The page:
Barely more than a year after publicly cancelling a request for bids on the construction of a national database of vehicle location data compiled from commercial and government-operated license-plate reader (LPR) cameras, the DHS has quietly revealed that it is once again seeking to buy access to commercially-aggregated LPR data, and that some DHS component field offices are already doing so.
Cameras combined with optical character recognition software allow for automated logging of the license-plate number (and of course the associated time, date, plate, and direction of travel) of every passing vehicle. “Some LPR systems also capture within the image the environment surrounding a vehicle, which may include drivers and passengers,” the DHS acknowledges in its latest Privacy Impact Assessment for DHS use of commercial LPR data.
The only apparent difference between the proposal supposedly nixed in February 2014 and the plans revealed in the March 2015 PIA is that the DHS’s own LPR vehicle, driver, and passenger tracking data won’t be completely merged with LPR data from commercial sources and aggregators — at least not by the DHS itself. The PIA describes a scheme in which the DHS will pay for query-based access to commercially-aggrgated LPR data and the ability to set flags that will generate real-time alerts to the DHS whenever license-plate numbers of interest are observed.
Only the LPR alerts and the responses to LPR queries will be retained in the DHS’s own database, but those will be kept for many years, or in some cases indefinitely.”Retention of data in ICE criminal investigative files is governed by NARA-approved retention schedules, which provide for investigative case files to be retained for at least 20 years and sometimes longer depending on the nature of the case. Immigration enforcement case files are retained in the Enforcement Integrated Database for 75 years.” License-plate reader data is also retained by DHS in the CBP Automated Targeting System. “Information maintained in ATS that is linked to an active law enforcement matter will be retained for the duration of that law enforcement matter.”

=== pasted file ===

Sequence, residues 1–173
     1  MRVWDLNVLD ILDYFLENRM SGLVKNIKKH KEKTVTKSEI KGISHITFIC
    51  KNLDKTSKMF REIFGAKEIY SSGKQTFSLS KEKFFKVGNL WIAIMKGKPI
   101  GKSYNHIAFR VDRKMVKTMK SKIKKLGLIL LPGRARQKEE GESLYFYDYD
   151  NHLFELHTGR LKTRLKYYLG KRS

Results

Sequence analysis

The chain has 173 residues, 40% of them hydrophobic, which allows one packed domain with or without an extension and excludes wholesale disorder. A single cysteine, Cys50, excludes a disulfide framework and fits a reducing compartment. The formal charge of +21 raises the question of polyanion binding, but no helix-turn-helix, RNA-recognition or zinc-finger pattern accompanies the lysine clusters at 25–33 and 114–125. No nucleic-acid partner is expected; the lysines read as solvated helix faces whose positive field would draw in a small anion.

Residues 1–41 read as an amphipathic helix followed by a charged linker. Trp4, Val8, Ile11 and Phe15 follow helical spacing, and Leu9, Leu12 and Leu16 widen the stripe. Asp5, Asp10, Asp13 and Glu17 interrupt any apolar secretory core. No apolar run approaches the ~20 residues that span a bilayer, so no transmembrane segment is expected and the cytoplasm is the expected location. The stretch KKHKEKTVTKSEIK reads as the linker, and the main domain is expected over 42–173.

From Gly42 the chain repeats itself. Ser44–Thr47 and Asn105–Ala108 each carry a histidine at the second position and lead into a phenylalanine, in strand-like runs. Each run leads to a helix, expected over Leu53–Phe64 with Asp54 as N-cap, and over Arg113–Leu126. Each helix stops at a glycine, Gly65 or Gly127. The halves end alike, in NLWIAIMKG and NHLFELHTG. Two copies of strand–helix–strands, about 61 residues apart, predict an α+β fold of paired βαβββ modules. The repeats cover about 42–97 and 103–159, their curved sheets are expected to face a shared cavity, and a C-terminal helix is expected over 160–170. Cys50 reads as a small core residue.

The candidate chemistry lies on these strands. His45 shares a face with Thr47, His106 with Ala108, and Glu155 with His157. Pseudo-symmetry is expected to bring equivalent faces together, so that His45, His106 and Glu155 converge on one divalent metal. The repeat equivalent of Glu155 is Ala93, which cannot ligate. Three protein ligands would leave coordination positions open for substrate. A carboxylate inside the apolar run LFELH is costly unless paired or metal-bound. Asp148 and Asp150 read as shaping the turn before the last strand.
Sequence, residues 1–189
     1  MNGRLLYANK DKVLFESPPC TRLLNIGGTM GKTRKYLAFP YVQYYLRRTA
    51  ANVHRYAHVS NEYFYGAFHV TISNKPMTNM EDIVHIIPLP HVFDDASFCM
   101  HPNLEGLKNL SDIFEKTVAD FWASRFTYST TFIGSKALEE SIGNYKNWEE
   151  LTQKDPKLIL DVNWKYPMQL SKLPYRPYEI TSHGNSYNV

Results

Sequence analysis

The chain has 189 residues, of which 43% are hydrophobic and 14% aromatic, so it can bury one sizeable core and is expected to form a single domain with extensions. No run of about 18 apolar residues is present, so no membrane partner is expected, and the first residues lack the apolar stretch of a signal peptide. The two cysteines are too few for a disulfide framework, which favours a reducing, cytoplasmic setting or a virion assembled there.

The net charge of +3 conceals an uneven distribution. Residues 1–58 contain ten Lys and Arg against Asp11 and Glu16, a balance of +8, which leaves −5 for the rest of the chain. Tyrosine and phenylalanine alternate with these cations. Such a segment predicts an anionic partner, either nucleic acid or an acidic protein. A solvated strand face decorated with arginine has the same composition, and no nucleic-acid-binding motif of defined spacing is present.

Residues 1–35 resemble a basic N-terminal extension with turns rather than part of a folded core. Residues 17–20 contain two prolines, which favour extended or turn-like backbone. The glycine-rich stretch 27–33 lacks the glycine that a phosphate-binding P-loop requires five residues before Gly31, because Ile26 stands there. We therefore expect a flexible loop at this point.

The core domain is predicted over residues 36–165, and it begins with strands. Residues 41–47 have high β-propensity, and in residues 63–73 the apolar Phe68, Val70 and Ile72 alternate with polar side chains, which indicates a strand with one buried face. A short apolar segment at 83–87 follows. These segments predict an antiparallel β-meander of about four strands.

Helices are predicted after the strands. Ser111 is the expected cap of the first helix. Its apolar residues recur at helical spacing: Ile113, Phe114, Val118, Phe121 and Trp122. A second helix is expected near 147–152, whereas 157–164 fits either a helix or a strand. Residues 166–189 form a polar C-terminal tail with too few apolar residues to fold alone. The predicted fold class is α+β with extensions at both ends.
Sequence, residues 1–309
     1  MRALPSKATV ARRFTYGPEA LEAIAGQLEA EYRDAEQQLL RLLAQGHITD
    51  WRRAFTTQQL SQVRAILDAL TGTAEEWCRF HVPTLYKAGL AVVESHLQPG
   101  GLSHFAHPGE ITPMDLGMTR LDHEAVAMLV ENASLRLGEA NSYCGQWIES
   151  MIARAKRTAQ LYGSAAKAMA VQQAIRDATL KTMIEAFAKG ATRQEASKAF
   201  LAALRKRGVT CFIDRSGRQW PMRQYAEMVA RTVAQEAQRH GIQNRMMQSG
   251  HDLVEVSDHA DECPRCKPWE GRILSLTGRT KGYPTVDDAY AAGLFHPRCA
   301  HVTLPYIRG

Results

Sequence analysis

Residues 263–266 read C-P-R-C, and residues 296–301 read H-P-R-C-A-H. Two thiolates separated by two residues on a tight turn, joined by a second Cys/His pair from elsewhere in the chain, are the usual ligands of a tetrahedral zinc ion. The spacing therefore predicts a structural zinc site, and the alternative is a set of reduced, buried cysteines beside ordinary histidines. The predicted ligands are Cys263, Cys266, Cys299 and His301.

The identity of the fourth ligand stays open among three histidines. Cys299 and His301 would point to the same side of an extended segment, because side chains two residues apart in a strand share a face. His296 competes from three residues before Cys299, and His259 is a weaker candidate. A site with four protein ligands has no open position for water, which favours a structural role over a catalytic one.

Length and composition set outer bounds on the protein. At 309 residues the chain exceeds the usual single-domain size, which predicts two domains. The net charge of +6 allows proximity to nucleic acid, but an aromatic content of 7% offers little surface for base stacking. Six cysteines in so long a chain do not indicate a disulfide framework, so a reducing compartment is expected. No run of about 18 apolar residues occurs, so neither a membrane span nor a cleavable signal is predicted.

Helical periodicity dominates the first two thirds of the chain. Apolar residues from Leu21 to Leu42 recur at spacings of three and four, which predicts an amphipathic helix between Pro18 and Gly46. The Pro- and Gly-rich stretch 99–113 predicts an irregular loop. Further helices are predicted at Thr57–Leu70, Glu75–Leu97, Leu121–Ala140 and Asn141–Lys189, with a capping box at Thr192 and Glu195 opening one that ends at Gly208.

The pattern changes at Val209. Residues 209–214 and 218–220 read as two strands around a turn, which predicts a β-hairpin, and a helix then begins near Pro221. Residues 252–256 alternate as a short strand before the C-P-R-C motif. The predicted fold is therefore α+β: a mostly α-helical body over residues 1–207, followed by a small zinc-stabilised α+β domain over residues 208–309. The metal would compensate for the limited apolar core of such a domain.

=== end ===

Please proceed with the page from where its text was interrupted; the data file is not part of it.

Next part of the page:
The real story, however, is hidden behind a footnote in the PIA: “This PIA does not apply to ICE’s use of LPR cameras to collect information directly, or its use of LPR databases available when its law enforcement personnel are detailed to other agencies, fusion centers, or task forces.” [emphasis added]
“Fusion centers”, “joint task forces”, and other inter-agency law enforcement operations — often involving all levels of Federal, state,, and local entities — have been black holes of government transparency and accountability. Documents released to the ACLU in response to FOIA requests, and made public earlier this year, show that the DHS is encouraging and funding the aggregation of government and commercial LPR data by interagency and Federal-state-local fusion centers and task forces, as part of a “National LPR Initiative”.
Outsourcing the construction of a distributed national ID database to a commercial “hub” indirectly funded by DHS grants channeled through state motor-vehicle departments allows the DHS to deny that it is operating a national ID-card system.
Similarly, outsourcing the aggregation of government and commercial LPR data to fusion centers, task forces, or their contractors (indirectly funded by DHS grants to state and local participants in these joint ventures) gives the DHS “plausible deniability” as to its role in the compilation and exploitation of this dragnet surveillance system.
But the latest DHS scheme for vehicle, driver, and passenger surveillance is no better than the one the DHS was pressured to publicly disavow last year, and deserves just as strong public condemnation.